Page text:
You've probably seen pictures of the three monkeys. One is using his hands to cover his eyes, one is covering his ears, and the third is covering his mouth. They are called "See No Evil, Hear No Evil, and Speak No Evil." But you may not know that these three famous monkeys actually come from Japan and that there's a special story about them.
Monkeys are famous in China and Japan, and there are lots of tales about them. Some of these stories are told in the following pages. But the famous three monkeys are said to be the invention of a famous Buddhist priest, and they are a play on words in Japanese.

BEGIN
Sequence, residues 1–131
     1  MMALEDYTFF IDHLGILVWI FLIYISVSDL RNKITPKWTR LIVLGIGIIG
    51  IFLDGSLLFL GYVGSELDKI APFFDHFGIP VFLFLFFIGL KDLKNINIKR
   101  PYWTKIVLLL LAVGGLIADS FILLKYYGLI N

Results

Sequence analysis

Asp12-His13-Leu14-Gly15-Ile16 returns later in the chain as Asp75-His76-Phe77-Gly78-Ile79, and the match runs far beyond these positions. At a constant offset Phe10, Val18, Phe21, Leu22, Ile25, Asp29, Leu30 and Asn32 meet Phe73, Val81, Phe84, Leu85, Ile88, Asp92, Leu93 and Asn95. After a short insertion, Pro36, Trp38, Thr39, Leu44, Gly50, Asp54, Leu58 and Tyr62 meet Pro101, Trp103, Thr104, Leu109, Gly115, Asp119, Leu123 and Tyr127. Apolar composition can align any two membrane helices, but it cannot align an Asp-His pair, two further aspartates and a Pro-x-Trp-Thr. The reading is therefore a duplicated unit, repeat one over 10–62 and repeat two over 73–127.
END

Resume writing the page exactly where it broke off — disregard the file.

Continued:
In Japanese, the same sound-zaru-can mean both "monkey" and "don't." So, in Japanese, if you say, "Iwa-zaru," it means "Don't speak," but also makes people think of a monkey. Similarly, if you say "Mi-zaru," it means "Don't see," but brings to mind a monkey. And "Kika-zaru" means "Don't hear." So the three monkeys are saying "Don't See Evil," "Don't Speak Evil," and "Don't Hear Evil."